It is not the nation that needs to repent but evangelicals. Yes, we may have lost a term many considered precious but continuing to foment hatred and attack against one another in the name of Christ will only lead people to give up not only the label of evangelical but perhaps Christian as well.

 

 

 

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Showing 15 comments
  • John
    Reply

    My opening thought as I read your piece was to ask myself, as an evangelical, when is the last time I explicitly shared the Good News with someone? How many of us claim the label but don’t live up to the heart of its definition? I know I’m guilty of that.

    • Fred
      Fred
      Reply

      Thank you, John. I did not want to join the growing list of screamers about the death of evangelicals but thought I wanted to say something.

  • Todd
    Reply

    A great word Fred. Reading your thoughts I was reminded there are 3 places I know of in the Scriptures where we are told how the world will know we are His followers: John 8 (by how we abide in His Word), John 13 (by how we love one another and clearly to your point), and then John 15 (by how we bear fruit)….
    Thanks for challenging us! As usual!

    • Fred
      Fred
      Reply

      Thank you, Todd.

  • Michael
    Reply

    Fred, this is another good post! I would like to push your argument further, however, and ask where do we go from here? If the turn to politics was the wrong one, where is the right turn of repentance? I do not think it would be away from cultural engagement, but doing so in an alternative way. As I’ve shared with you before, Hunter’s “To Change the World” book lays out a different way forward, that is not focused on politics but other aspects of engagement inter-related with proclaiming the good news. As I’ve thought about this issue, evangelicals need to repent from a political and legal focus — which is driven by power to control others — and rather be given to other aspects of culture around the 1) university, 2) the arts, 3) media, 4) science, medicine, and technology, and 5) finance. These latter issues, in contrast to politics/law, are dialogical by promoting conversation and are far less threatening than political control.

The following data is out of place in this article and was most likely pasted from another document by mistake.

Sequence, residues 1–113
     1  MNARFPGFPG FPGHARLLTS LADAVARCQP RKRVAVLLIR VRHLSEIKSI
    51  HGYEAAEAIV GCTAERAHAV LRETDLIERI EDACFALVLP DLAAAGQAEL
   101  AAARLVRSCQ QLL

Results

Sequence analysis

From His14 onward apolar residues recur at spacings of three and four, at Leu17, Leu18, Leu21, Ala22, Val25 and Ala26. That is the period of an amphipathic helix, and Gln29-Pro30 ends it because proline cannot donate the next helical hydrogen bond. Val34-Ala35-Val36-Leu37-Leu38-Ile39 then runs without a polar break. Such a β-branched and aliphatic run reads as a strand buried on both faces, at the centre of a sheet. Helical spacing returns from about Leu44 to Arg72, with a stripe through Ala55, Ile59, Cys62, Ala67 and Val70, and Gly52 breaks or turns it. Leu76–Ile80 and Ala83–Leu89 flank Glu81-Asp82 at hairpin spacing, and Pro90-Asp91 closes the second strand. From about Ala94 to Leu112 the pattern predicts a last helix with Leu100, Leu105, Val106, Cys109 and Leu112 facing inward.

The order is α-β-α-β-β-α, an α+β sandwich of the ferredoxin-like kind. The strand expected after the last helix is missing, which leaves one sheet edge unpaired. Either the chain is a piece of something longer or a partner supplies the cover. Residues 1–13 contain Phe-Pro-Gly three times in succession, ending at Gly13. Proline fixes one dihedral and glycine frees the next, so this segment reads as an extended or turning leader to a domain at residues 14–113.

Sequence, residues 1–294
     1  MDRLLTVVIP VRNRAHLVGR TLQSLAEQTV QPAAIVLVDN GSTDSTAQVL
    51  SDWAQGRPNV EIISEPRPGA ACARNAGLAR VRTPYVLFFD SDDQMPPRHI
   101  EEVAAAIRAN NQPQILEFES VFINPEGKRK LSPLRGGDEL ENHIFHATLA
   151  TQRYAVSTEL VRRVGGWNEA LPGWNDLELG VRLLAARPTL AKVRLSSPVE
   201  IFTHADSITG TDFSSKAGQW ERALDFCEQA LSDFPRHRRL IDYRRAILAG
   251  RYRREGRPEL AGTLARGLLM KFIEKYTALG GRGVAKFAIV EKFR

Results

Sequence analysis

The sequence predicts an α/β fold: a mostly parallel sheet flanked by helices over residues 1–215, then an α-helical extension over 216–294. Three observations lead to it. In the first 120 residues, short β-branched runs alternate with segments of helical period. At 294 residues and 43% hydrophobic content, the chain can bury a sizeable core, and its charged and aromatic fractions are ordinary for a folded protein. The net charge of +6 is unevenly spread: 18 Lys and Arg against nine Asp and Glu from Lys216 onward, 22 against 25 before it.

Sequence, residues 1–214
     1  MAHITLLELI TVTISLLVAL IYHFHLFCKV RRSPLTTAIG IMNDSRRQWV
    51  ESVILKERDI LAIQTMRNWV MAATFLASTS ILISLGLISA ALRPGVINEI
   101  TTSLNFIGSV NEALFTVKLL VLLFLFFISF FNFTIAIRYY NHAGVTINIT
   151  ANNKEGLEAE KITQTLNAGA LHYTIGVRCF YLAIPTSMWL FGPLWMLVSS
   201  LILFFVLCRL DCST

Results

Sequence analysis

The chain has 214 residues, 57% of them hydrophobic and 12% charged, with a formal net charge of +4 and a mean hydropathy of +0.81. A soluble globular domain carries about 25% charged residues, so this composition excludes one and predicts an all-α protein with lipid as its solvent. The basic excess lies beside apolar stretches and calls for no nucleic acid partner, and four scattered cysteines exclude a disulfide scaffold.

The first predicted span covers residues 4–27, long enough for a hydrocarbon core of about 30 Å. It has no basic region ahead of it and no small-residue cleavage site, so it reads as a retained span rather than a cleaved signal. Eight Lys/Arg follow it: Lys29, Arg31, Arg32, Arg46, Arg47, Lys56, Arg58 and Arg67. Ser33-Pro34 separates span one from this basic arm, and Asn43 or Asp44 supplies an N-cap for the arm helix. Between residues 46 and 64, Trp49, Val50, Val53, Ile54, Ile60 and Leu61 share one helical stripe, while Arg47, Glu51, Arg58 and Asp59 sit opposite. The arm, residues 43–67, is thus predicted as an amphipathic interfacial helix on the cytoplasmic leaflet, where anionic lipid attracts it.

Likewise, Christians should not start their own institutions, which draws needed resources from existing institutions, but work within those that exist. As we work in those institutions, we prayerful look for small and large ways that we can orientate our lives by the gospel, and highlight a path for a good society within each sector.

    This is the “new evangelicalism” that we need to reimagine and call others to join. This time seems like a cross-roads to me, and we near an opportunity to change the way evangelicals have expressed themselves in America.

    • Fred
      Fred
      Reply

      I think this is what James Piereson did when he was at the Olin Foundation. They invested in secular institutions because they had a long term view.

  • Gordon D. Loux
    Reply

    Well done
    Couldn’t have said it better.
    Our grandchildren deserve better models and thinking
    than we have given them
    Keep making us think

    • Fred
      Fred
      Reply

      You probably could have said it better many years ago and long before I said it!

  • Myself
    Reply

    Maybe you need to speak for yourself. I just see self-loathing and self-hatred, which had become so pop in Western Academia. I don’t think define myself or our church by what people outside think of us.

    And remember, “Christian” WAS first a term of derision.

    • Fred
      Fred
      Reply

      That’s the beauty of a blog, Scott. I can only speak for myself. Yes, “Christian” was a term of derision but the early Christians by my reading had little interest in political power.

  • Andy Fletcher
    Reply

    American Evangelical Christians have become more American than Christian, lovers of America more than lovers of Jesus. Books to read: One Nation Over God: The Americanization of Christianity, and its companion book, Love Story. Link: http://www.lulu.com/spotlight/andyfletch42.

    • Fred
      Fred
      Reply

      Thank you, Andy. These are good resources.

  • Walter Hansen
    Reply

    Thank you, Fred. You express my thoughts.

    • Fred
      Fred
      Reply

      Thank you, Walter.